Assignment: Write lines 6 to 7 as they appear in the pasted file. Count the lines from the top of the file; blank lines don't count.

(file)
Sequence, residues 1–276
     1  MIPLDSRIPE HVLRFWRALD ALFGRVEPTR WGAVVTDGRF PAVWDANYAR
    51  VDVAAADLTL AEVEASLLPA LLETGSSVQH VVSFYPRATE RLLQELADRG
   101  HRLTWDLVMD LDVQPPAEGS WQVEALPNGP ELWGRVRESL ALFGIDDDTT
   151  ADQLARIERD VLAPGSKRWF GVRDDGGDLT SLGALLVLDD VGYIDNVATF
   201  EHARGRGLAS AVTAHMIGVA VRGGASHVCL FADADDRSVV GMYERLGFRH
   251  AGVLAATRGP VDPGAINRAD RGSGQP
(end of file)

   201  EHARGRGLAS AVTAHMIGVA VRGGASHVCL FADADDRSVV GMYERLGFRH
   251  AGVLAATRGP VDPGAINRAD RGSGQP